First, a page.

Choosing the right rich loamy soil for your pepper plants is the first step. Loam soil tends to have the highest organic matter content among the other soil types. Hence, it is the ideal choice for growing pepper plants. However, it may provide the essential nutrients and minerals our plants may need; a good dose of fertilizer throughout its growth stages can provide an additional boost that the soil can’t give.
Read more on How To Grow Peppers: Tips and Tricks here.
Similarly, we take in specific vitamin supplements daily; crops like hot peppers also require supplementary nutrients based on their growth stage. Various macronutrients and micronutrients all play a role in a plant’s development, whether during germination, flowering, or fruiting. So come on and let us find what hot peppers need in general.
What you need to know about a fertilizer
Before we dive in on how and when to apply fertilizers on your pepper crops, it’s a must to have a good grasp of what you are putting in your plants first and foremost. So fertilizers, in general, have three main minerals, Nitrogen-Phosphorus-Potassium (N-P-K). These three macronutrients are what all plants typically need in large amounts to grow and develop healthily. And these are three magic numbers you’d see in any fertilizer pack, which indicate their amount in percent. For example; a complete fertilizer (14-14-14) contains 14% Nitrogen, 14% Phosphorus, and 14% Potassium.
Now, take note of this crucial point when it comes to applying fertilizers. As your soil already contains a certain amount of nutrients, finding out just how much of these minerals remaining in your soil via a soil analysis is your first step. Once you’ve seen the exact amounts of each mineral, it’s time to compute just how much N-P-K you should add-in that will provide the optimum amount for your hot peppers growth. So that means don’t just grab the first sack of fertilizer you see in your local agriculture store.
Fertilizer Application Procedure for Hot Peppers
Since hot peppers are normally sowed and germinated in germination boxes or seedboxes and then transplanted afterwards, adding fertilizer before sowing is unnecessary. An excellent loamy garden soil mixed with some compost or manure is more than enough as a starting medium for your pepper seeds, or you can also use TS3. However, some growers recommend adding complete fertilizer (14-14-14 or 10-10-10) a week before sowing if you chose to sow directly on the ground. This will serve as base fertilizer and will provide a balanced amount of nutrients for peppers once they have germinated.
TRANSPLANTING AND VEGETATIVE STAGE
Once your seeds have germinated with the appearance of their first set of true leaves, then they are ready for transplanting. After transplanting, there are several starter fertilizers solutions that you can add to the soil as long as they contain higher amounts of Phosphorus with the general N-P-K ratio of 1:3:0. The most common starter solution used for hot pepper production is the 10-34-0 fertilizer. Dilute the said fertilizer in water, with the amount depending on the instructions given on its label, and spray half a pint around your seedlings. You can also use fish emulsion or fish and seaweed fertilizer as an alternative.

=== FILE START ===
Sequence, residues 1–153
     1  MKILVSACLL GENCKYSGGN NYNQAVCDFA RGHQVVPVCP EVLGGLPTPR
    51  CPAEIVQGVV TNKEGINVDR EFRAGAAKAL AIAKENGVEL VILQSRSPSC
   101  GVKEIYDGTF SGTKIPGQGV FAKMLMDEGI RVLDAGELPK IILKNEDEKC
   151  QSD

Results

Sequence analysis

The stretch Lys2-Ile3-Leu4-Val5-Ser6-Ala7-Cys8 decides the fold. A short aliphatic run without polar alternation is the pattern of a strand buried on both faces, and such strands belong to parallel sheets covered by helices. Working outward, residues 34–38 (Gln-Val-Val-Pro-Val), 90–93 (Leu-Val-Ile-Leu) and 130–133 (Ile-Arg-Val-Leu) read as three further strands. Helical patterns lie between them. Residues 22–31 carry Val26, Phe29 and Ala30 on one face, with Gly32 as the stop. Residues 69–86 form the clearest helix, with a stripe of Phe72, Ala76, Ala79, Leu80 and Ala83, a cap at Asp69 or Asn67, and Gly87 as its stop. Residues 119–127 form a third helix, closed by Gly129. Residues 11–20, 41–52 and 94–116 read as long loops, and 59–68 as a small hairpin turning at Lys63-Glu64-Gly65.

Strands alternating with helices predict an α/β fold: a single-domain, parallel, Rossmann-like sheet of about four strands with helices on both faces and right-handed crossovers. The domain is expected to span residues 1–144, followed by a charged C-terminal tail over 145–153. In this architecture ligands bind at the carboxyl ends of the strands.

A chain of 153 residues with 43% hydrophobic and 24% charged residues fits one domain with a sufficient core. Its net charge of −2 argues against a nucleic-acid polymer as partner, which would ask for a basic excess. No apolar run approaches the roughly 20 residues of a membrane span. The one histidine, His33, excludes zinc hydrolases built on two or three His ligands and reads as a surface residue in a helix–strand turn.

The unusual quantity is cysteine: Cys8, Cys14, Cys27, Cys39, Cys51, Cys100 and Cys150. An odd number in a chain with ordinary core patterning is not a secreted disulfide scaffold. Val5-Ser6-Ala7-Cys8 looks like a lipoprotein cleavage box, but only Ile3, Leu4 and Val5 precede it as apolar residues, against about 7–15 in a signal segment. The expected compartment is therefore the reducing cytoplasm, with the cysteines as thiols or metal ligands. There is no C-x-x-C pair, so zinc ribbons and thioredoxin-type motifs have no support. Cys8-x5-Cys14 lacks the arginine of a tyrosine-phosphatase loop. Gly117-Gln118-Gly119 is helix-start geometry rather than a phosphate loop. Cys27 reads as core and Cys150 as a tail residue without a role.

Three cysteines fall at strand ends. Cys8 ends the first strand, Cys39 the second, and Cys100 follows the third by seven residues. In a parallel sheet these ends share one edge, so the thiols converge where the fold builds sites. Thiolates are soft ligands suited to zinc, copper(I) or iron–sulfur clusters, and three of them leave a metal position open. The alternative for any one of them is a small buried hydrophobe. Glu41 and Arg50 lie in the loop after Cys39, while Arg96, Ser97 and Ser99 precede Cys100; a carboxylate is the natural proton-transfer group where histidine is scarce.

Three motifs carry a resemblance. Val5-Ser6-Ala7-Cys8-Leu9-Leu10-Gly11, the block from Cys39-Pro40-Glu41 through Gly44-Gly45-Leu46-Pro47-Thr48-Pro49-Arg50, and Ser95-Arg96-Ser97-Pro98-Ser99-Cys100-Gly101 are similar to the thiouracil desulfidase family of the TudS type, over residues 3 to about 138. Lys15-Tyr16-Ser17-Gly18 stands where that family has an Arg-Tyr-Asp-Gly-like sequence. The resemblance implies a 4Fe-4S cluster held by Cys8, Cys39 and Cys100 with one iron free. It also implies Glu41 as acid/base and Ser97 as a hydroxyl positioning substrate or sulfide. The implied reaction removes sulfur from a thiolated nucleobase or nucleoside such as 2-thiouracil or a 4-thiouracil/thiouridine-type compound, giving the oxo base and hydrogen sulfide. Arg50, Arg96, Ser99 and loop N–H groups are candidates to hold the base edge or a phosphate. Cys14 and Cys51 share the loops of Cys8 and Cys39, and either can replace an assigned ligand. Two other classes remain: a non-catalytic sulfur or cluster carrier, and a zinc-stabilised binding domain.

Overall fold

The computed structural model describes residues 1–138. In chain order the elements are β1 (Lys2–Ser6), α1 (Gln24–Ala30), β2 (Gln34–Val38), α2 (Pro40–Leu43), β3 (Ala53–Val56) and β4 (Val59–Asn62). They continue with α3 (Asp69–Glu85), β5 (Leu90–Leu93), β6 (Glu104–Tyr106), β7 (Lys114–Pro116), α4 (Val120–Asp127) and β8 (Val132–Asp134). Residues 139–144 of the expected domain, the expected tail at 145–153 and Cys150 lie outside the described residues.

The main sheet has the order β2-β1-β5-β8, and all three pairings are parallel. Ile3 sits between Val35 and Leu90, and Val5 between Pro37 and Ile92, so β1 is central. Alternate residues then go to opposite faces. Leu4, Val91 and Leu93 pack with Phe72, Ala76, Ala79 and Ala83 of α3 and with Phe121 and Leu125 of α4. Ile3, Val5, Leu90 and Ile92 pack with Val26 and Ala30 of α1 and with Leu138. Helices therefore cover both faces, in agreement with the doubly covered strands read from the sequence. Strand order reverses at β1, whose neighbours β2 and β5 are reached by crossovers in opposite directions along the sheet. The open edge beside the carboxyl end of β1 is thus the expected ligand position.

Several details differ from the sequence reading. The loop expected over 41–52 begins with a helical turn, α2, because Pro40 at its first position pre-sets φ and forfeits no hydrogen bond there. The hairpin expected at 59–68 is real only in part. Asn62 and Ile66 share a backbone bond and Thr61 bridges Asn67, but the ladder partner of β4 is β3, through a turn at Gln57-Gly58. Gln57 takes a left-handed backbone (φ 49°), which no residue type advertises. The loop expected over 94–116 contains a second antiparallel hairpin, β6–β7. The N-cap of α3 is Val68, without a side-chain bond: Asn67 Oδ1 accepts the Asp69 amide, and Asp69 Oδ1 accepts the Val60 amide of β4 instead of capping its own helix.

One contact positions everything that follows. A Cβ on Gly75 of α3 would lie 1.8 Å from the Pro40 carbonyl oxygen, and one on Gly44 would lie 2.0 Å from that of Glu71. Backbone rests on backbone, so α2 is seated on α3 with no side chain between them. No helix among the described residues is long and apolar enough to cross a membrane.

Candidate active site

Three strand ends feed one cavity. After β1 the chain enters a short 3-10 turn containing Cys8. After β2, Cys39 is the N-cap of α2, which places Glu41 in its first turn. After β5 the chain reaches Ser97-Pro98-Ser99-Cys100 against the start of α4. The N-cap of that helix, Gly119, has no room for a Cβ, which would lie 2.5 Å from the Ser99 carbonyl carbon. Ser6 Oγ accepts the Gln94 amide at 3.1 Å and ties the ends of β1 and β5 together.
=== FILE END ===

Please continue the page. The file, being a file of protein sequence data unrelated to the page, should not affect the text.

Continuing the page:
A week after transplanting, you can add a 12:24:12 N-P-K fertilizer to your seedlings. Add in 28 grams of the said fertilizer per plant and placed it in a circular band 2 inches away from the seedling base. As the vegetative stage progresses, you can add in a 12:12:17 fertilizer three weeks and then six weeks after transplanting, respectively. Just 56 grams per plant is enough, and again placed it in a circular band, but this time about 4 inches away from the plant base.
You are also given the option of applying foliar fertilizers rich in Calcium and Phosphorus once a month or every three weeks to your pepper plants. The most common foliar fertilizers which you can use are Miracle-Gro, Phostrogen, or Calmax.
FLOWERING AND FRUITING STAGE
About forty days in, more or less, your hot pepper plants are now getting ready to enter the flowering stage. One thing to remember is that it’s recommended to slow down with Nitrogen application during this time up until the fruiting stage and instead boost up Potassium. That’s Potassium is an essential macronutrient for flower and fruit development.
Place a 16:8:24 fertilizer ratio application nine weeks after transplanting, and then every 14 days after that up to fruit development. Place 28 grams per plant of the fertilizer mix in a circular band method once again 8 inches away from the base.
A Good Reminder
Fertilizers are a hot pepper plant’s best friend and one of the best support systems they can receive. However, take heed that the recommended fertilizer ratios mentioned above are simply a recommendation, and they should not box you. Again, the amount and percentage of N-P-K that you must apply to your plants will still largely depend on your soil’s nutrient state and the type of hot pepper you are planting. Furthermore, other macro and micronutrients may be needed if signs of nutrient deficiencies are observed.
Different varieties and species of hot peppers also have slightly varying nutrient requirements, hence consulting an expert is still a must. You can always rely on other seasoned hot pepper growers for advice, especially if you are still a newbie. That’s why we value the ever-growing hot pepper growers’ community because planting hot peppers is more fun together after all.